- Reduce compaction with proper tire inflation and counter weights for spring tillage and planting equipment.
- Under dry conditions the use of a packer/roller may help improve seed-to-soil contact and germination.
- Select hybrids with above average stress emergence scores for earliest planting dates.
- Wait until soils reach a minimum of 50 degrees at the 2-inch depth prior to starting planting.
Soil moisture conditions can change between the time the seedbed is prepared and planting begins in the field. If soils become wet, be patient and allow them to dry out. Try to work fields as close to planting operations as possible. Planting into wetter soils, or working soils too wet will cause sidewall compaction from the disk openers. This type of compaction is frequently the cause of uneven emergence. In addition, this compacted soil creates a compaction barrier that corn and soybean root systems will have difficulty penetrating. This can reduce moisture and nutrient uptake and yield potential.
Wet soils at planting can lead to smearing of the seed furrow sidewall by the disk openers. This can lead to uneven emergence and restricted root growth.
Wet soils at planting can lead to a compaction barrier that restricts root growth and yield potential.
Proper Tire Pressure
Compaction in the top 6 to 8 inches is related to soil moisture conditions, inflation pressure (psi) and the total axle load of the equipment. One thing that can help prevent soil compaction is ensuring that your equipment has proper tire pressure and counter balance weight. Wet soils at planting can lead to smearing of the seed furrow sidewall by the disk openers. This can lead to uneven emergence and restricted root growth.
Wet soils at planting can lead to smearing of the seed furrow sidewall by the disk openers. This can lead to uneven emergence and restricted root growth.
Most new 4-wheel-drive tractors are equipped with radial tires that should be inflated to 8 to 10 psi. A properly inflated radial tire will have a wider base and will have a noticeable "cheek"; showing in comparison to older bias-belted tires, which were typically inflated to pressures of 20 to 25 psi. It is not uncommon for radial tires to be overinflated to 20 to 25 psi because of previous experience with older bias-belted tires and the fact that a grower may not be accustomed to the look of a properly inflated radial tire. Properly inflating tires will not only significantly improve the ride in the tractor and improve fuel efficiency and pulling power, but will also help prevent compaction. For example, a tractor equipped with 18.4 R42 tires carrying an axle weight of 3,200 lbs would have a footprint area of 272 sq. inches when properly inflated at 8 psi. However, the same tire with an identical axle load would have a footprint area of only 125 sq. inches when inflated to 24 psi. Proper tire inflation more than doubles the footprint of the tire, spreading the load of the tractor across a much larger surface, thereby reducing compaction.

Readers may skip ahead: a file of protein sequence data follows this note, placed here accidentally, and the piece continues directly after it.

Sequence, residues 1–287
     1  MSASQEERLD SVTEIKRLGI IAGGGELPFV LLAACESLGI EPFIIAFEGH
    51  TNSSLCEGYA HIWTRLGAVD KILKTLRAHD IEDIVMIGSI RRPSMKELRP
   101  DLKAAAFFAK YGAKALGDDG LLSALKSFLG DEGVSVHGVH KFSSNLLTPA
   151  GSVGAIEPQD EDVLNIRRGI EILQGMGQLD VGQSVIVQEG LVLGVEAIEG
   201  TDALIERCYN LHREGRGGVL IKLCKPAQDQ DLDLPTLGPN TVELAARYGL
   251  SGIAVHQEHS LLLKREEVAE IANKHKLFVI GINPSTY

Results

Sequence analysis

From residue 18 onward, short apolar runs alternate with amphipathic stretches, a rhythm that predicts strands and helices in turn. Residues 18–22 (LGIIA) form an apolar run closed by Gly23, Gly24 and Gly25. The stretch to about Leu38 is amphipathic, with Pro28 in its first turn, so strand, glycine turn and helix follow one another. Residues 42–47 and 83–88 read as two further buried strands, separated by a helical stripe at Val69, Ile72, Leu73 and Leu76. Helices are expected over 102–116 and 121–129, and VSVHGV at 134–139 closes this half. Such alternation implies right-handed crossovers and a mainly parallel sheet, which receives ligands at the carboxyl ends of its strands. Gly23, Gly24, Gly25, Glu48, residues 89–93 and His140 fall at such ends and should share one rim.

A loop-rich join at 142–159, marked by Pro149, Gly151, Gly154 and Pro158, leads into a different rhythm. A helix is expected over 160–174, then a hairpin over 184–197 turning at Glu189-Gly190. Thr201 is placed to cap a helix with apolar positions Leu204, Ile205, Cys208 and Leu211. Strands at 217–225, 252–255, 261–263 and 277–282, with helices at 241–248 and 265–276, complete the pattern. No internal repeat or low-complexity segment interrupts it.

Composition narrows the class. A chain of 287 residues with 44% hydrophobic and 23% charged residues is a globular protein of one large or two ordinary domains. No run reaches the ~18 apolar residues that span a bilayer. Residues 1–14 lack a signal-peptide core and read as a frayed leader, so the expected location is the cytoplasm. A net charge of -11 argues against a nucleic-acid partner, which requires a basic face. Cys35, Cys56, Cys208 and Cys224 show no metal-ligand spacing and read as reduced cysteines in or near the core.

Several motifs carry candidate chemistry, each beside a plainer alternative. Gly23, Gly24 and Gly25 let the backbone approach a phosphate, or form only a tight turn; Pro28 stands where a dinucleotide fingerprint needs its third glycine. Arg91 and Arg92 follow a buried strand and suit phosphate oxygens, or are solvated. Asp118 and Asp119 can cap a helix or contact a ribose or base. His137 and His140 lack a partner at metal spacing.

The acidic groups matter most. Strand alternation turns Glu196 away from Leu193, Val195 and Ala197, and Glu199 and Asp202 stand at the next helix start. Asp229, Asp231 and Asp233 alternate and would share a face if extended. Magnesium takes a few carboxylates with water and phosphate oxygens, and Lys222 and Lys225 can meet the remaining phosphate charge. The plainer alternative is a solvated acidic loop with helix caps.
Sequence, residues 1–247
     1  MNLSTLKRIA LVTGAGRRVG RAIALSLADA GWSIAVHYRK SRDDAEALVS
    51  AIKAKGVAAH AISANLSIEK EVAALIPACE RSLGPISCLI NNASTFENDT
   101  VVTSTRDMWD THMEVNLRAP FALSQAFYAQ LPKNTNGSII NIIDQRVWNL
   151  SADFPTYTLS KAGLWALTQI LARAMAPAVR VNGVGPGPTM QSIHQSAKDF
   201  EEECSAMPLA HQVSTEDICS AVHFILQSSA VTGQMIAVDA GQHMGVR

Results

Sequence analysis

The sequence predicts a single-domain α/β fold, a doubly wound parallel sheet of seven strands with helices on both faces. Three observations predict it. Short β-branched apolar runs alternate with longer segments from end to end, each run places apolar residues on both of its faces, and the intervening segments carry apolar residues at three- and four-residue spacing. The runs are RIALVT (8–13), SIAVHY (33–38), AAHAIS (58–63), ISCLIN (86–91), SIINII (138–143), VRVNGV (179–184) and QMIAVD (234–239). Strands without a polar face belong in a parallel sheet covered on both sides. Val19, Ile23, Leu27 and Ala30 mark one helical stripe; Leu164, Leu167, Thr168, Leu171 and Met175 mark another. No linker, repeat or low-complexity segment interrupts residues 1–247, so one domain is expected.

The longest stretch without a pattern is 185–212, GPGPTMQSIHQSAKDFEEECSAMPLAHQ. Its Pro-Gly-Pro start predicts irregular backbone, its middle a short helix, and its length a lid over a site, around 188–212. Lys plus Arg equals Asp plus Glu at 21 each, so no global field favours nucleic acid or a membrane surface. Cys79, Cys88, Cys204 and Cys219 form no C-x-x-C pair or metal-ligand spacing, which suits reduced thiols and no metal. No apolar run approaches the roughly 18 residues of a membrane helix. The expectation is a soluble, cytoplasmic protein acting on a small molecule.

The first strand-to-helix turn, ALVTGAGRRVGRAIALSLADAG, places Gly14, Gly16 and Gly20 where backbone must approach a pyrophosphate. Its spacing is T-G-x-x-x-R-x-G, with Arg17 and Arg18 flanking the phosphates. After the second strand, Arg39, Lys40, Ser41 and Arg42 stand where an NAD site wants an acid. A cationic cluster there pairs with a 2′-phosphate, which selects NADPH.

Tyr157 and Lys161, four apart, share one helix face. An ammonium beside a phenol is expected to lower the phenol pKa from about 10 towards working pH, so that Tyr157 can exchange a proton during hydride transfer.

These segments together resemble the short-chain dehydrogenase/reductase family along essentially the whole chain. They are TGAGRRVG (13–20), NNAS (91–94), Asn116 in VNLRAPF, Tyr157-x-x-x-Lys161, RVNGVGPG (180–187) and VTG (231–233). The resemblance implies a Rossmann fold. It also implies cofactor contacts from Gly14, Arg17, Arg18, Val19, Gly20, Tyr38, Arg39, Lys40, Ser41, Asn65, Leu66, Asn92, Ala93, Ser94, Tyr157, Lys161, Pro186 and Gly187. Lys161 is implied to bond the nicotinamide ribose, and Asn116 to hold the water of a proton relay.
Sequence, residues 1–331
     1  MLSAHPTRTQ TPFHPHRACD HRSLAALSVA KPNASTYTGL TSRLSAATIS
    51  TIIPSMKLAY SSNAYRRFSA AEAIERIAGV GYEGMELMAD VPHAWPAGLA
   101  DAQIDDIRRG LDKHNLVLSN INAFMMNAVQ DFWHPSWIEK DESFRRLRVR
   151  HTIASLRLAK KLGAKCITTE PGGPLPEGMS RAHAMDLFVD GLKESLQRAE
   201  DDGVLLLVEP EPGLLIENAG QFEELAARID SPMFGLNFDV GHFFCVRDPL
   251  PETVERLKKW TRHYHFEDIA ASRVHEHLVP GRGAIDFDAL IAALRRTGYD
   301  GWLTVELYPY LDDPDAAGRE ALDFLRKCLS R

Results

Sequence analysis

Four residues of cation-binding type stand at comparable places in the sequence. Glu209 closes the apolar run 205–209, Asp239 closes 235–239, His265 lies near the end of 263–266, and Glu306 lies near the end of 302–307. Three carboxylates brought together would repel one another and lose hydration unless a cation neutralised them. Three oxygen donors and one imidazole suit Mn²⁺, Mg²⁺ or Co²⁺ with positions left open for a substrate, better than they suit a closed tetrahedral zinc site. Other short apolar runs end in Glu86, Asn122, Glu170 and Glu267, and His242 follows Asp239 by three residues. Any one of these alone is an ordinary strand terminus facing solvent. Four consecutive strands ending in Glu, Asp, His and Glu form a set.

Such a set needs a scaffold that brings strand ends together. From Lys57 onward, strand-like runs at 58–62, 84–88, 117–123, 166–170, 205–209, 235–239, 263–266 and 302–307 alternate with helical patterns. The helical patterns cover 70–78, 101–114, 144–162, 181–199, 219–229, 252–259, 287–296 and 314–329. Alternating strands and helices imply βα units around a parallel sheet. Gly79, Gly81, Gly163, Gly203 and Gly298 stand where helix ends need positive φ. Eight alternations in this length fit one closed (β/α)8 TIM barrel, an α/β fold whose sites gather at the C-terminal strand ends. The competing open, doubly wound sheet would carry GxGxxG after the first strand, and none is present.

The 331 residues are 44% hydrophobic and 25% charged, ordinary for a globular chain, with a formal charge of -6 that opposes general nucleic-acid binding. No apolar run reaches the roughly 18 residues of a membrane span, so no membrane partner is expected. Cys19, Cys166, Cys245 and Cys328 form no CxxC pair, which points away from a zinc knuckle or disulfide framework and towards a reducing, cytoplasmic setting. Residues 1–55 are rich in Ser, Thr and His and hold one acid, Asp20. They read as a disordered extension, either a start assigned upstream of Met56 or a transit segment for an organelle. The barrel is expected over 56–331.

Consider these tips when getting your tractor ready for spring operations:
- Check tire pressure and inflate your tires based on the manufacturer's recommendations. Radial ply tires should be inflated to 8 to 10 psi.
- Always check the inflation pressure early in the morning before you go to the field. For optimum performance check and maintain tire inflation pressures at least once every 2 weeks.
- Use only low pressure gauges to check for inflation to obtain accurate readings.